A few of my favorite parts:
  • Regina, Josh, and Kirby turn "Let's Do It" into a charming trio. You know the song, "Birds do it, bees do it, even educated fleas do it. Let's do it, let's fall in love!" As we learn throughout the show, this is a typical Cole Porter song - it features a list of items in a theme, and is a bit naughty. Or as James says, "wickedly sophisticated."
  • Proving that he really could write a song about anything, Porter took a sentence overheard at a restaurant and turned it into "Miss Otis Regrets," a deadly funny story song, perfectly performed by Gary.
  • Most of these songs are upbeat and funny, but a few are sad and lovely. Regina sings a few of them with the appropriate longing and melancholy - "Love for Sale" and "(You'd Be So) Easy to Love."
  • They wisely give Josh several beautiful ballads, "Begin the Beguine," "In the Still of the Night," and "At Long Last Love." All of them just gorgeous.*
  • Jennifer brings her effortless voice and style to songs both funny ("I'm Unlucky at Gambling") and touching ("I Get a Kick Out of You").
  • A song written for Porter's favorite leading lady, Ethel Merman, is of course performed by Gary, and it is indeed "De'Lovely."
  • I'm just waiting for Kirby's breakout role. She's long been a standout in the ensemble at Bloomington Civic Theater, and she proves with great performances of "Give Him the Oo La La," "My Heart Belongs to Daddy," and "Always True to You" that she can hold the stage on her own. Funny and charming with a fabulous voice, someone's going to cast her in a lead role soon.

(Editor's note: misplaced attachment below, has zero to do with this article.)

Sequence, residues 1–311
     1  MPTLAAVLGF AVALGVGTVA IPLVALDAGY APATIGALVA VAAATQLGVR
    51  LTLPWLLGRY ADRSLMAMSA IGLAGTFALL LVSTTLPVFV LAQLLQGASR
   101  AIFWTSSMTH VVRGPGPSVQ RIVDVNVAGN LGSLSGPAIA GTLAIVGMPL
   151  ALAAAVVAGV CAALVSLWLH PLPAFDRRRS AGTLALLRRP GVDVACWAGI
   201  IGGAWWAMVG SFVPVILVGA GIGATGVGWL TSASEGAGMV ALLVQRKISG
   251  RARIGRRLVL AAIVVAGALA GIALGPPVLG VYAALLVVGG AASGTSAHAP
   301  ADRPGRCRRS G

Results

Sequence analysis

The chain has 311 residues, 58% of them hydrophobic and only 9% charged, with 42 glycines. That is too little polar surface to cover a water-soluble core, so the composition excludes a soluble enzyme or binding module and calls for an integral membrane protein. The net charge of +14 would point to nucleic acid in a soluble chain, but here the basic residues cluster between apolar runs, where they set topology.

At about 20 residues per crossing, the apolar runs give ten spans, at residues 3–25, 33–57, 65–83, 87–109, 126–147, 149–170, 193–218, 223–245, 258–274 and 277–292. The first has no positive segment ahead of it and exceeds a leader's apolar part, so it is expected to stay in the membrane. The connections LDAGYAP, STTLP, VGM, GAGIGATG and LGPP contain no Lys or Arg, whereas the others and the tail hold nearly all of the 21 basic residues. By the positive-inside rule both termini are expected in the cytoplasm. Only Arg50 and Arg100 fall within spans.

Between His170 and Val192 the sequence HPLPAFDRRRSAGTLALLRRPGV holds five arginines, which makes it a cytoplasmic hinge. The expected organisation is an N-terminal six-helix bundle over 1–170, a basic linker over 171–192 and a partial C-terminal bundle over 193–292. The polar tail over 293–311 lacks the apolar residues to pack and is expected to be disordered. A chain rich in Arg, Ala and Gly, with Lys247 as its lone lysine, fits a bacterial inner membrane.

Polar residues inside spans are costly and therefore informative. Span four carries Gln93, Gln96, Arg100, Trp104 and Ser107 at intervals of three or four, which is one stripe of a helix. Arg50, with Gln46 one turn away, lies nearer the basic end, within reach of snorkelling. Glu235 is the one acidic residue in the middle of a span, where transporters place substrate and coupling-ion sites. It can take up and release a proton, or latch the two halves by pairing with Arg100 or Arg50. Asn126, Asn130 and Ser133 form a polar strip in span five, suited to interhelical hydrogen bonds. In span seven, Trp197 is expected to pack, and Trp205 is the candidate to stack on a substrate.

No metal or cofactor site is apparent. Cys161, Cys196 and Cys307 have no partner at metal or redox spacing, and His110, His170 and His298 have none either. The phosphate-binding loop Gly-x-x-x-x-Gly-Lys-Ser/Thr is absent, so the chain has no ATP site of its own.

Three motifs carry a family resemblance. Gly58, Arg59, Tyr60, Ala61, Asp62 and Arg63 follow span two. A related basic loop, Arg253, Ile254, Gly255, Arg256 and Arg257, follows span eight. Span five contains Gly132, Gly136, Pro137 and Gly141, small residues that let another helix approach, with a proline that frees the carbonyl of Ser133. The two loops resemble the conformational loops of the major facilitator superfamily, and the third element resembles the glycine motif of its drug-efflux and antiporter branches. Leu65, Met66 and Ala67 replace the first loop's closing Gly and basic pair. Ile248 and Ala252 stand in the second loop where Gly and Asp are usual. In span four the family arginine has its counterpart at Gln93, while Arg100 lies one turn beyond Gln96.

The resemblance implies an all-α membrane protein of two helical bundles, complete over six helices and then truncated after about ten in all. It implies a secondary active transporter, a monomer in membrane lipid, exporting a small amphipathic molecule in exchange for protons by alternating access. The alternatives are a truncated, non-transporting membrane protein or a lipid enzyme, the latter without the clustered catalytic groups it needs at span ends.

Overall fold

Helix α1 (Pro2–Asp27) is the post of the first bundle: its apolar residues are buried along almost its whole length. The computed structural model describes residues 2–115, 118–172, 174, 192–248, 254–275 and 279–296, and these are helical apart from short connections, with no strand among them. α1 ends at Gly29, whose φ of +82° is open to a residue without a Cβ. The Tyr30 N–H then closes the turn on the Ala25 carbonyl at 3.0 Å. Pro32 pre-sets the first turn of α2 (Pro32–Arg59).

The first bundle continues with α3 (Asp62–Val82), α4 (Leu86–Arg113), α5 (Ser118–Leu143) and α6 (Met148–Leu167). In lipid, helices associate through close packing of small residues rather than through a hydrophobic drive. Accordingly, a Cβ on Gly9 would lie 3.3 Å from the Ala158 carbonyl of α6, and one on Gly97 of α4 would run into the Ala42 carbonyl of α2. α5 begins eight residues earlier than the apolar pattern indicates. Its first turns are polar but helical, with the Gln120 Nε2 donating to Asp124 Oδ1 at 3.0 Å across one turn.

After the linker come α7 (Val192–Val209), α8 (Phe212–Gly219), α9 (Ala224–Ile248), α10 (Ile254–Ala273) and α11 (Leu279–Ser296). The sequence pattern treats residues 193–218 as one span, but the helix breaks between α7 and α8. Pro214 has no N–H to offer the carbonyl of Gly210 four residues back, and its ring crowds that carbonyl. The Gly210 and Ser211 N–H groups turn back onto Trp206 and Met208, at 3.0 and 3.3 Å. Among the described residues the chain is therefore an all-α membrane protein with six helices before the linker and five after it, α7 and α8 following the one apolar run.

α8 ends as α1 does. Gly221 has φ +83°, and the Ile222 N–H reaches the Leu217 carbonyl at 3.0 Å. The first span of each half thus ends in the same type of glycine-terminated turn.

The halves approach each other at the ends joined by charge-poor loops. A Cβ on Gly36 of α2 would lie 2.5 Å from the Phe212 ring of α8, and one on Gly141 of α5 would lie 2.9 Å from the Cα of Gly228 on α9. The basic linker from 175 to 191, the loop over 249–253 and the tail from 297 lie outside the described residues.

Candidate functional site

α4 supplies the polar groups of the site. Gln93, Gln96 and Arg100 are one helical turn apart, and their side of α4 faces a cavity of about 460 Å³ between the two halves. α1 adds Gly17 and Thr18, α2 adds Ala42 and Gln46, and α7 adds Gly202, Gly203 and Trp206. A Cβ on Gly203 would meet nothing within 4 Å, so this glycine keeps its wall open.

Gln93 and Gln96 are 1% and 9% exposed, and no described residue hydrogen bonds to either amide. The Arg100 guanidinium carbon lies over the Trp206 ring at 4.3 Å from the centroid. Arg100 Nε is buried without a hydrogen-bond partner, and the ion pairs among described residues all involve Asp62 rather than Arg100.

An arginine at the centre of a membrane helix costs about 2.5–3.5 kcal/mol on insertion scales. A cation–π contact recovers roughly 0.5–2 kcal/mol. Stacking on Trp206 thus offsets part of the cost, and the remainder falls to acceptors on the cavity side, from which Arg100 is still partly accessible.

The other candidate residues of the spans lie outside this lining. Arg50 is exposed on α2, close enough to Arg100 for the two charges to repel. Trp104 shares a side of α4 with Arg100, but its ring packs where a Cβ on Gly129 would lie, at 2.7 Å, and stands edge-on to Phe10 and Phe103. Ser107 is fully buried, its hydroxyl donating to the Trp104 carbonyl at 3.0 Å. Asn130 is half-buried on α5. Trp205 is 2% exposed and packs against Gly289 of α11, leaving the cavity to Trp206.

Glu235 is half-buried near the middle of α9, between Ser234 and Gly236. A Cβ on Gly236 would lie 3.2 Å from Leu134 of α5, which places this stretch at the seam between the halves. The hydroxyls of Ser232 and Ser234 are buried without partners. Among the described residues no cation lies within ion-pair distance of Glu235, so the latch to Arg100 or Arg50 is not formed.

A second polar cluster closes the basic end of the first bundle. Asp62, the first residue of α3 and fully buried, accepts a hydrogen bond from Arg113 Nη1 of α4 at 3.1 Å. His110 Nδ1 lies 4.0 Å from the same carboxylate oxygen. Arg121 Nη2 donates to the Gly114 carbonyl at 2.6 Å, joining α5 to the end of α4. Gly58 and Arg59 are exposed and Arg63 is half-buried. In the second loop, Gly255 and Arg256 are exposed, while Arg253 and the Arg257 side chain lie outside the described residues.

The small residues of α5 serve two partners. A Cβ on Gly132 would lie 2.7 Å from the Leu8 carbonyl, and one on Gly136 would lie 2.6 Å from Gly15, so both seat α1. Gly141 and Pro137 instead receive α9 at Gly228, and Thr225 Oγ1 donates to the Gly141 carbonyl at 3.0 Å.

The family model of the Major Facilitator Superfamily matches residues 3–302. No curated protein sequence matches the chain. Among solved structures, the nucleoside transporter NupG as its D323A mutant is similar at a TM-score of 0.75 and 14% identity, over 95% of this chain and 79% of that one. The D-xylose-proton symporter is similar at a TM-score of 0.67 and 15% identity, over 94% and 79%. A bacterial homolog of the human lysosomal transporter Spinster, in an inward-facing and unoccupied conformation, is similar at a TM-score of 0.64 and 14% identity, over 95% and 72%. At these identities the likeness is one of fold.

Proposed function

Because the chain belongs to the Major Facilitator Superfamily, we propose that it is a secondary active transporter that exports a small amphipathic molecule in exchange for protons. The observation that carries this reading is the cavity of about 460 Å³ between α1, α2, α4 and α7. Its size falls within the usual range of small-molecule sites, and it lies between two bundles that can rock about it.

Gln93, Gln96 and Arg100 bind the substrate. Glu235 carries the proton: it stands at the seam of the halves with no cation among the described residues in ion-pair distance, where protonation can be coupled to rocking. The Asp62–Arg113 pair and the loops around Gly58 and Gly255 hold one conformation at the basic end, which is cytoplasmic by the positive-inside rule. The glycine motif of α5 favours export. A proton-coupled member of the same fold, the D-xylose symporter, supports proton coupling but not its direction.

• To end Act I, Kersten walks through the house and encourages the rest of the cast to sing in a rousing rendition of "Blow Gabriel, Blow." She's a fantastic comic actor/singer (see also Xanadu) and she brings that to "Find Me a Primitive Man" and "Brush Up On Your Shakespeare," but also shows her sensitive serious side in "When Love Comes to Call."
  • The Kiss Me Kate medley makes me want to see that show sometime (especially since I finally just saw Taming of the Shrew, the Shakespeare play on which it's based). The cast shares the duties on several songs, and also performs a little choreography. I also loved the group rendition of "You're the Top" from Anything Goes, in which the cast trades lead, like tossing the ball back and forth.
  • James' style as host is very laid back and casual, which I enjoy, but the performances are all professional and top-notch, the show flowing smoothly and flawlessly from start to finish.